As science must be reproducible, by definition, there is increasing recognition that data and code are an essential component of the reproduciblity, as discussed by the Yale Roundtable for data and code sharing.
In reviewing a manuscript for a journal that does not require data and code sharing, can I request that the data and code be made available
- to me at the time of review
- publicly at time of publication (the journal supports supplements)
also, how might I phrase such a request?
update: although I am interested in the general case, this particular case consists of a meta-analysis with all previously published data, and the code is simple linear models in SAS
side note the ability to make cross-study inference (as is the goal of meta-analysis) would be greatly enhanced if more studies provided raw data
I requested the data and code from the editor for purposes of review, the editor considered the request reasonable, and I have received the requested material (sufficient but with cryptic variable names, no metadata, and few inline comments) within a day.
As far as getting data as a reviewer goes, you're entitled to it if you need it to complete your review properly. More reviewers should be asking for data and assessing it. Lots of journals have policies that they may require the data and analysis code for review purposes.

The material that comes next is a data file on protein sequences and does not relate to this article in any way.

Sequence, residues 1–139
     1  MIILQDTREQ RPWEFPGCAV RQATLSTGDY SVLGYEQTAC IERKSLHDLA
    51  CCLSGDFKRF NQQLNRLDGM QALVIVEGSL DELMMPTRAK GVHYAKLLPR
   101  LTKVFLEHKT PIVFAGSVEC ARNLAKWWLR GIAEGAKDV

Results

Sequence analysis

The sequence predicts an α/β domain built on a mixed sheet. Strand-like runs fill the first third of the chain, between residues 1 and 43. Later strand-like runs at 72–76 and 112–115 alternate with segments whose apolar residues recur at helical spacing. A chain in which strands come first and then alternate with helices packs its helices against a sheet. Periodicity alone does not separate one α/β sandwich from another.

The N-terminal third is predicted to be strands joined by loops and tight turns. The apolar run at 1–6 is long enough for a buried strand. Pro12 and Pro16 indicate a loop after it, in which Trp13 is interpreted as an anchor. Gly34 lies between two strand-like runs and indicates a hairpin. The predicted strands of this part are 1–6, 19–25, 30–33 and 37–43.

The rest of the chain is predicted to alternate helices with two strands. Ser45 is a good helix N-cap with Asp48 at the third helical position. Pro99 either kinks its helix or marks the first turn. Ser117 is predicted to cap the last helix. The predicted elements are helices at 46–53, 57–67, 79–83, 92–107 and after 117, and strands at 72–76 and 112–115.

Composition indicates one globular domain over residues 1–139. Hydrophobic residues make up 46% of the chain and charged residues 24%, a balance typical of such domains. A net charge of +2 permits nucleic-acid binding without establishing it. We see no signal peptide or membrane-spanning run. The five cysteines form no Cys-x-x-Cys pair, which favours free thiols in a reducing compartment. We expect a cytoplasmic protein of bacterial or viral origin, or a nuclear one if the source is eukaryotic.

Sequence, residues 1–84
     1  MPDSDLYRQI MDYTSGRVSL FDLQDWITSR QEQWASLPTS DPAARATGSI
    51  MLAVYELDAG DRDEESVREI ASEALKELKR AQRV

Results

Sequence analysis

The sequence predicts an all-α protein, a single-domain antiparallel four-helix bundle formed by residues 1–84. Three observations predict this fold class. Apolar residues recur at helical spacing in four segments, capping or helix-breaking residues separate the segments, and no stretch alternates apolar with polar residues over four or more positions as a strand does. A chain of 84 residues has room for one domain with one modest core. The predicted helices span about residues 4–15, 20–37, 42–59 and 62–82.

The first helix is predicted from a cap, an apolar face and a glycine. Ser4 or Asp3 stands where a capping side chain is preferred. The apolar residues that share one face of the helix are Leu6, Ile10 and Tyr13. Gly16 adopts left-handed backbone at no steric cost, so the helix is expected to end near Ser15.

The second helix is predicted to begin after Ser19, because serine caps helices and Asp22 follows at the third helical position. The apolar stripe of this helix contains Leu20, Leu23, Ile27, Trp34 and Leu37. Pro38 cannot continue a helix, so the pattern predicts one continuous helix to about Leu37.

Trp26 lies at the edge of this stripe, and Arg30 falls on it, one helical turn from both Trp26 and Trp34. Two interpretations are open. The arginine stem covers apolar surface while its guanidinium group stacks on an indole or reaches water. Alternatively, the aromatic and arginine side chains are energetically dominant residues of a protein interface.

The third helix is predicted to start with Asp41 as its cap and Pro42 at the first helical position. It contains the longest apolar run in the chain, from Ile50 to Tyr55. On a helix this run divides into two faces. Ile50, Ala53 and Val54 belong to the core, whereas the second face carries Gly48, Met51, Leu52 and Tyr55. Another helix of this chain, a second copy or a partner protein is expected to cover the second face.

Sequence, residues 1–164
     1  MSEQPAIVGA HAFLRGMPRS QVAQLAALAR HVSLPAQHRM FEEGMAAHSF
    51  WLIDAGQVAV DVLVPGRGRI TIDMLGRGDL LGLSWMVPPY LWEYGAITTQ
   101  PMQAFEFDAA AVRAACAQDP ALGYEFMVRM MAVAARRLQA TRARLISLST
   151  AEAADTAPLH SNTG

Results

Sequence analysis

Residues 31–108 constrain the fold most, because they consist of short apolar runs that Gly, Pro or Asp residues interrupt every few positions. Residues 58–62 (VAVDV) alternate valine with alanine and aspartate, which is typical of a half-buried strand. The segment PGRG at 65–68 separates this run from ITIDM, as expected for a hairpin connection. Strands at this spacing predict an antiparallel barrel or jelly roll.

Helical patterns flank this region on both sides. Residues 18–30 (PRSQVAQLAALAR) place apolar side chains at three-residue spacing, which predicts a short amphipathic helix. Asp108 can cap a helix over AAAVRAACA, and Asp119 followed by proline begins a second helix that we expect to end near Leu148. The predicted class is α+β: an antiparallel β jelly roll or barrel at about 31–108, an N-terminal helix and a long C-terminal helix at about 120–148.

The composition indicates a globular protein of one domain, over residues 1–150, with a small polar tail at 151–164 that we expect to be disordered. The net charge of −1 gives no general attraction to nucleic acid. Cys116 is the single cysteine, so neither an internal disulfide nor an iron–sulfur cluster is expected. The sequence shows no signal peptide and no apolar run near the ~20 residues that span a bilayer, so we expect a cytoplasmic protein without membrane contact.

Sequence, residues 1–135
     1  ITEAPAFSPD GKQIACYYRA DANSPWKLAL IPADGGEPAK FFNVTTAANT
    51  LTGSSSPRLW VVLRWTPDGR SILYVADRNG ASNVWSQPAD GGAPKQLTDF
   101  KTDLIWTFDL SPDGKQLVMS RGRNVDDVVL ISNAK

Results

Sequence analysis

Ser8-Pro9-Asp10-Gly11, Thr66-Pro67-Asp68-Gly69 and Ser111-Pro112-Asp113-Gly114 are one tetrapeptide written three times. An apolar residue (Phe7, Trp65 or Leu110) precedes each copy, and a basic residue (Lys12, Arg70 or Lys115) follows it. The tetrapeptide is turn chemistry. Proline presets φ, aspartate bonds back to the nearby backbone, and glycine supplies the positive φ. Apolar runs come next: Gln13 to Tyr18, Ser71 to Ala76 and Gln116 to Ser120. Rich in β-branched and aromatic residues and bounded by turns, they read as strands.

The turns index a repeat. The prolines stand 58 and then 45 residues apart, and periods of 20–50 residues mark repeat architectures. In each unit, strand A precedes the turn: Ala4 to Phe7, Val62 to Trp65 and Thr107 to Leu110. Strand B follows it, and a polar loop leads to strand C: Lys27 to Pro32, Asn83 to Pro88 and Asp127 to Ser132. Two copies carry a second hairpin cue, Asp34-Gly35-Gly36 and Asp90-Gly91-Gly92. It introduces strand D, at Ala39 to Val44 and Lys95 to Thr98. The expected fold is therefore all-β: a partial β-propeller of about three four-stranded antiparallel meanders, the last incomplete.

Availability at the time of publication isn't clear to me. It seems that you're saying that you want to force the issue that the data be made publicly available as a condition of publication. That's a bad idea if it's not journal policy already. You're making publication an unfair moving target. They submitted expecting that not to be a requirement and you, nor the editor, ought to be changing the game.
Unbeknownst to many researchers publicly funded researchers, they are required to make their data publicly available. For example, most NIH grants have clauses where the researcher must be forthcoming with their data. Most government granting agencies have data sharing clauses that force the researcher to share what they find (perhaps force is a bit strong given that it's very hard to lose a grant over that… perhaps lose renewal though). The public paid for the data, therefore the public is entitled to it—in the case of human research, entitled to it anonymized.
Some of the most expensive and sensitive data to collect, human FMRI data, is also some of the most commonly made publicly available. Not just PLoS, but major journals of the field require the submission of the data and maintain a publicly available data bank. I think this says a lot to people who object for reasons of cost (it's very expensive), and privacy (it's human data from small studies and sometimes unique clinical populations that could be very sensitive). Those are reasons that make that data more valuable to the public. Researchers who withhold such data are doing a disservice to the people who bought it (everyone), and need a lesson in what their responsibilities are outside of their little lab and publication competition.
If the research was privately funded, genuinely privately funded, then best of luck.